• Served twice on stewardship committee at Humble Area’s First Baptist Church, responsible for proposed annual budget to the congregation, followed by review committee meetings.    

  • Seven years on city council, with review and approval of annual proposed budget.  

My years of proven experience include oversight of budgets, managing business to profitable outcomes, managing contracts, managing projects, and managing personnel. Proven experience. And experience matters. 

Arliss Ann Bentley

Arliss Ann Bentley is a 47-year resident of Humble and is an energetic woman with a passion for the city and the citizens of Humble. She holds a master’s degree in education and taught elementary through high school students for more than 40 years. She also supervised alternative certification teaching candidates with Region IV for seven years.

Endorsement by Paula Meeks

Paulette Meeks, who called herself a fellow resident who loves her city as Bentley does, points out that many residents already know Bentley because she has lived in Humble for 47 years, as well as taught them and their children in the Humble ISD, helped many of her neighbors in need, visited nursing home residents, worked for years on beautifying Humble as a volunteer of the beautification committee and attended most city council meetings twice a month for the past 15 years.

Meeks praised Bentley for her faith, perseverance, courage, honest, kindness, love and care for others and her dedication to the city. Bentley’s organizational skills are exceptional, Meeks wrote, and there is nothing too difficult for her to accomplish since she has the gift of being able to challenge others and lead them to achieve their best.

Leadership, perseverance, integrity, openness and putting others’ needs ahead of hers are all qualities of her candidate, Bentley, she wrote. Meeks also wrote that she sees in Bentley a person skilled as a leader and that the city would be blessed to have. By selecting Bentley, Meeks wrote, voters will be choosing the best and adding a treasure to Humble’s local government. 

Do you/have you attended city council meetings in the past?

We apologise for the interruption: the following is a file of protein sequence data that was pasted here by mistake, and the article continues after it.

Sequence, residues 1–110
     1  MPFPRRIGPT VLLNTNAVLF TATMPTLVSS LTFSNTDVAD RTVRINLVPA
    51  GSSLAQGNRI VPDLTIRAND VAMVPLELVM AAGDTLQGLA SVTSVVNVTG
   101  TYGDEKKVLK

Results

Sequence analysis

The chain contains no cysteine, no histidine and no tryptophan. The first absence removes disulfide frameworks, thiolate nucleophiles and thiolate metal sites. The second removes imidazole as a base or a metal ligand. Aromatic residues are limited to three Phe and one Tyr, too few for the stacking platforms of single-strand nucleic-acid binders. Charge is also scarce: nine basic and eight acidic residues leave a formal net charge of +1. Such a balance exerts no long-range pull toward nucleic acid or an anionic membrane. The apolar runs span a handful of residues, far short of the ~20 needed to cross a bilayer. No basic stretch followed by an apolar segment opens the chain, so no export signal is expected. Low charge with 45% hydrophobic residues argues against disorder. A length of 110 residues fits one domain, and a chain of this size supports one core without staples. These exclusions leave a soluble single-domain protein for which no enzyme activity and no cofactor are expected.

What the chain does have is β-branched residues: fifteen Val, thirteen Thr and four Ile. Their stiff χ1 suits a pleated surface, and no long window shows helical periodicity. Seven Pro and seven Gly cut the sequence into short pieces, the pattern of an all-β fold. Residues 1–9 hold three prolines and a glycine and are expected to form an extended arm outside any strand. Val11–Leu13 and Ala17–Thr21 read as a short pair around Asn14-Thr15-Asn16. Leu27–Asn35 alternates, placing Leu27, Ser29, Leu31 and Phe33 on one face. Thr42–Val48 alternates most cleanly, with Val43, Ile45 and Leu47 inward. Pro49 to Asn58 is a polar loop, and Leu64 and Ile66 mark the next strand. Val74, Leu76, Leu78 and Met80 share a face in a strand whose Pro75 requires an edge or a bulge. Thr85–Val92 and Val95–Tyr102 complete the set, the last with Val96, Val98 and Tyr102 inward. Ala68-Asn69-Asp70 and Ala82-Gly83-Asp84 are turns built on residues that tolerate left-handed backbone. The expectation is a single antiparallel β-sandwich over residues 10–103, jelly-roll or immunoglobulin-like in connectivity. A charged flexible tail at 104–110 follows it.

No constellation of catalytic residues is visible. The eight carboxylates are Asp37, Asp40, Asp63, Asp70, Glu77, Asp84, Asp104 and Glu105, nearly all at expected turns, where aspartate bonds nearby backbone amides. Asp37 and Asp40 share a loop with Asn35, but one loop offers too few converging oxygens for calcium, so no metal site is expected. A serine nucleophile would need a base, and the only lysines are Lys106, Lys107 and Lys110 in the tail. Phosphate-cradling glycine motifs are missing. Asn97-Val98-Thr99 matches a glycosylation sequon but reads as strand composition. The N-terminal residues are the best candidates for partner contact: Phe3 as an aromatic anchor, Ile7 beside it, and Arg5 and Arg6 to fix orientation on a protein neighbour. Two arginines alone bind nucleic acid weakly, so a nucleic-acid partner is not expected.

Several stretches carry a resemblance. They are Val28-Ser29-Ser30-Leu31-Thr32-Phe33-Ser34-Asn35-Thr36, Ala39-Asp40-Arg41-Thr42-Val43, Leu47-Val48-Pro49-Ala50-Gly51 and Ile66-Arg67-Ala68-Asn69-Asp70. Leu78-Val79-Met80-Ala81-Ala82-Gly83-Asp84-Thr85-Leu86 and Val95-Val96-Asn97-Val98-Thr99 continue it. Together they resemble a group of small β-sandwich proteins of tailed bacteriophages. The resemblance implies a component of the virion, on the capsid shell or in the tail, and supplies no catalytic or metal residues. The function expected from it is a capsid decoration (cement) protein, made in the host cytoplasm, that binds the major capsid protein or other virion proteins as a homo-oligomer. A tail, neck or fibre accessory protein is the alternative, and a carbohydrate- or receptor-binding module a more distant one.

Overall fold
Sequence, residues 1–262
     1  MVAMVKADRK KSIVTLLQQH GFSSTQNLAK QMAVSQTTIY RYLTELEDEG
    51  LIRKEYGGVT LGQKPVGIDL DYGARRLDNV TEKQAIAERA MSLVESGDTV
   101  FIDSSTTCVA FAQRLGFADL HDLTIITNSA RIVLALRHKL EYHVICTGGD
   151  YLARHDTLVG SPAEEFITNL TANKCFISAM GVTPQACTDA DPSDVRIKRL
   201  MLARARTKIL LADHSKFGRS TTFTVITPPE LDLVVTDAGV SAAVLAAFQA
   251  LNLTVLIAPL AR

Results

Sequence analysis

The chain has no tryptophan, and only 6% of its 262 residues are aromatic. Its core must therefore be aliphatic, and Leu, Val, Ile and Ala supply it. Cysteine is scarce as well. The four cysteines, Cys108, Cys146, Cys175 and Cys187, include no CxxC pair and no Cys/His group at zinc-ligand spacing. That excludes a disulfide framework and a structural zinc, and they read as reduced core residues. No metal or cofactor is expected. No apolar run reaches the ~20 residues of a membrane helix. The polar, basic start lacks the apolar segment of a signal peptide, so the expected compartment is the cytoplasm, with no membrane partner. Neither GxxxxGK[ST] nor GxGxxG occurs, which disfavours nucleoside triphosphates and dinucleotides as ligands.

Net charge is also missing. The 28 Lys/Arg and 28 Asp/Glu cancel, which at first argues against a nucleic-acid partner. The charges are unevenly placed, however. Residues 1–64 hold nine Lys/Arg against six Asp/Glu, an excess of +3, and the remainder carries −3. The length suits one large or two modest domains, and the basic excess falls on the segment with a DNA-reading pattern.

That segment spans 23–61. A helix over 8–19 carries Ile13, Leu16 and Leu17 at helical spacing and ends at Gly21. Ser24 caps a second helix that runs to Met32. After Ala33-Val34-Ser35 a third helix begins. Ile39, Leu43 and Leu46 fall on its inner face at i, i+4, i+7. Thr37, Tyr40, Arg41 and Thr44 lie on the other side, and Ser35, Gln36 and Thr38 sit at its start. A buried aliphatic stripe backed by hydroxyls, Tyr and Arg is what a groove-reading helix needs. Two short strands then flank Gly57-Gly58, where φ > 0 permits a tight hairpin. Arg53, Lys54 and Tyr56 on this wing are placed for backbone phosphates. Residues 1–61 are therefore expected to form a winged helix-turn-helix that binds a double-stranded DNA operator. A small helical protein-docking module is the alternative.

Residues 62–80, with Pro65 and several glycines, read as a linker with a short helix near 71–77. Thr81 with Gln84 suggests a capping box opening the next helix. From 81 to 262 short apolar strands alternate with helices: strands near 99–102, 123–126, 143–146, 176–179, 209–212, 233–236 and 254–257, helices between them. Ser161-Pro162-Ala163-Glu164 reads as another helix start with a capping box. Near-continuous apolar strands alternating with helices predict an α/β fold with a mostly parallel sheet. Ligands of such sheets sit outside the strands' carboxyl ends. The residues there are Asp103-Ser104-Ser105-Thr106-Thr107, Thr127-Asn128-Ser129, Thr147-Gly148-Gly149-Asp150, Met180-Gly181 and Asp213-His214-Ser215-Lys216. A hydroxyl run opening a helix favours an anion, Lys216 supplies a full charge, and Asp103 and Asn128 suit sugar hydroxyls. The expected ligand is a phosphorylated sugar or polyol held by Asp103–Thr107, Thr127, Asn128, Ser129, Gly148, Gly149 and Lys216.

I have attended city council meetings for the last 15 years, twice a month.

With the senior center closed and activities moved to the civic center, what do you propose should be done?

With more than 650 active members, the senior population requires its own space for growth and adding new activities. The perfect location for the senior program would be the Lakeland Elementary property. I propose negotiations between Humble ISD and the city to purchase this property as a new senior program facility. If we cannot negotiate and secure the Lakeland property, the civic center should be repurposed as a community center with primary focus on senior programs.

Name your top priorities.

  1. Safety. Continue to build on the high level of services provided by the first responders. The security of our city is a top priority.

  2. Revitalization. Emphasis on attracting new businesses to Main Street and working toward transforming the civic center to a community center where every citizen will have greater benefits from the use of their own tax dollars. Zoning. Start planning for the zoning process to preserve the appearance and growth of Humble for future generations.

What has prepared you for this position?

After listening to the concerns of residents during the last two campaigns, I am ready to find solutions to their issues with the help of city management and the department teams.

What positions have you held that prepare you to manage the city budget?

As a teacher with Humble ISD, I managed my department budget keeping expenditures within the budget. I have attended the city public budget hearings for 15 years where I receive and study the same booklet that the mayor and council are given for review. I have made recommendations just as the council members do that may be included in the final budget. Ultimately, the management of the budget lies with the directors, CFO and city manager. The council’s responsibility is to set and approve the budget based upon the recommendations of the directors.

The Humble city general election is set for May 1.

Early voting continues through Tuesday April 27, and Election Day is Saturday, May 1, at the Humble Civic Center. Additional early voting centers are open throughout Harris County. For a complete list, harrisvotes.com.

Tom Broad
Author: Tom BroadEmail: This email address is being protected from spambots. You need JavaScript enabled to view it.
Columnist
Besides being a proud graduate of The University of Nebraska-Lincoln and, therefore, a Cornhusker, I am retired from Memorial Hermann. I am a correspondent and columnist for Lake Houston's hometown paper, The Tribune, as well as a director of the Lake Houston Redevelopment Corporation, a member of the board of the Humble Area Assistance Ministries, and Volunteer Extraordinaire for the Lake Houston Area Chamber.